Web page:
Drawing the line on 'humane' treatment

HAVING expressed a rare opinion on live exports recently, I was intrigued to read some of the internet blogging and cyber comments accompanying my piece.

Most comments seemed to be from people who felt that ending Australian live exports to Indonesia wasn’t really the solution to the problems raised by the Animals Australia footage aired on ABC television.

But what interested me most was how several opportunists seized on my Kelpie example in relation to the issue.

Just to refresh memory, the example was raised in the context of asking a valid question about the associated legal and moral jurisdiction of the animals seen being cruelly brutalised in the Four Corners footage - Australia or Indonesia?

I said, “At what point does the moral microscope no longer view them as being under our obligation and moral code” and “given that overarching question, we need to understand and define exactly where our moral and legal obligations start and end in a foreign country, where we have no real legal jurisdiction”.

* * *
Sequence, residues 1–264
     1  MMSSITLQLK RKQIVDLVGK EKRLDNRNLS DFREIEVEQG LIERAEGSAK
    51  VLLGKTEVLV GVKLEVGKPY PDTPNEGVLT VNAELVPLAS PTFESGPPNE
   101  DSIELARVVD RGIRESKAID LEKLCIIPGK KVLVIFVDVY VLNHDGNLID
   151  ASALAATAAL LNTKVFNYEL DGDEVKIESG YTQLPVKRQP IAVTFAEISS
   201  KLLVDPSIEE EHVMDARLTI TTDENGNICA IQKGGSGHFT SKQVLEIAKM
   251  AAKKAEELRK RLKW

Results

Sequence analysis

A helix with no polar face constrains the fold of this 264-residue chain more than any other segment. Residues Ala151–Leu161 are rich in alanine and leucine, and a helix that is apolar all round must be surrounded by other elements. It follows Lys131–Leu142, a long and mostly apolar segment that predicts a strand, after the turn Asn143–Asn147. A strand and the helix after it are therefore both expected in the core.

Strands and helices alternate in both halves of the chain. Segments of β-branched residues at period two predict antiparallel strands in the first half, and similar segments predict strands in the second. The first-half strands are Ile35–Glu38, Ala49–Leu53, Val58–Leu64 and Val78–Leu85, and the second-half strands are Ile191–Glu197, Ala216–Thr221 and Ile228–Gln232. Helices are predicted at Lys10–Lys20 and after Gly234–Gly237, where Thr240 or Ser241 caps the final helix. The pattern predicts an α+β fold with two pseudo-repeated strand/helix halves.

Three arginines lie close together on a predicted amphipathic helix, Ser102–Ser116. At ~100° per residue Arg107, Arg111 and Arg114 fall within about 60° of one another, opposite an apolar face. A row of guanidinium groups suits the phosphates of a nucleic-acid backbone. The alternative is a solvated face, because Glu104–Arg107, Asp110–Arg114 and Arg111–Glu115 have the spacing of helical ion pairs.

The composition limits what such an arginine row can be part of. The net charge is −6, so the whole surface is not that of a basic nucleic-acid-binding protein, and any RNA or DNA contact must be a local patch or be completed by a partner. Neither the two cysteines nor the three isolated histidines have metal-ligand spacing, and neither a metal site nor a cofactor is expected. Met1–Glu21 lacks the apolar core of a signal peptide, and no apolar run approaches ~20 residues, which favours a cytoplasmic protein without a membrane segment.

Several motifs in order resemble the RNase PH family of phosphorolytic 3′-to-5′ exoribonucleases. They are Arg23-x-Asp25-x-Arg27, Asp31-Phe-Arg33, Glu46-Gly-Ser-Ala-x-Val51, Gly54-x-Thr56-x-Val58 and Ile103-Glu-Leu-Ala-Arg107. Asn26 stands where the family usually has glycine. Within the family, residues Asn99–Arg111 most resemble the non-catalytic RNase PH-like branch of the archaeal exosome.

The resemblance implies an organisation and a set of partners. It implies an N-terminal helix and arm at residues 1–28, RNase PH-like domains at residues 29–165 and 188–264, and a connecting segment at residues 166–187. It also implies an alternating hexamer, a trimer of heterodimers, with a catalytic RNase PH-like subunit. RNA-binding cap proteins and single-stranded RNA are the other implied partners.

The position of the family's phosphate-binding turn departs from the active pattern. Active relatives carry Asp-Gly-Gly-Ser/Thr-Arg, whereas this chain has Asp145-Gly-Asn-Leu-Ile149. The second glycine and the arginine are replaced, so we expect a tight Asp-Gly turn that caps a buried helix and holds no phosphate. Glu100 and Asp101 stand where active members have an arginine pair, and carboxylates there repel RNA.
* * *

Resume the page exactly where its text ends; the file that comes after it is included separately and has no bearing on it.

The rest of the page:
My example was - If an Australian farmer sells his Kelpie, can they demand the new owner walks it nightly and has an easy work schedule, where the dog only chases sheep for three hours a day, instead of six, because of ageing hamstrings?

After all, dogs are supposedly man’s best friend but remember they don’t end up on family dining tables and nor do humans for that matter.

So my new question is, where do draw the line in understanding what is and isn’t humane treatment of animals.

Of particular intrigue for me was the blogger, “amy”, who took the example in my opinion piece and raised it at the foot of another related story about the industry’s new strategic solutions.

“But I would like to think if he found out the new owner was neglecting or cruel to that animal he wouldn’t be selling them another one,” said amy online.

I was so sad and distressed that amy ignored so much more of my work and selected the part she like the most, I thought I’d write back to express my discontent.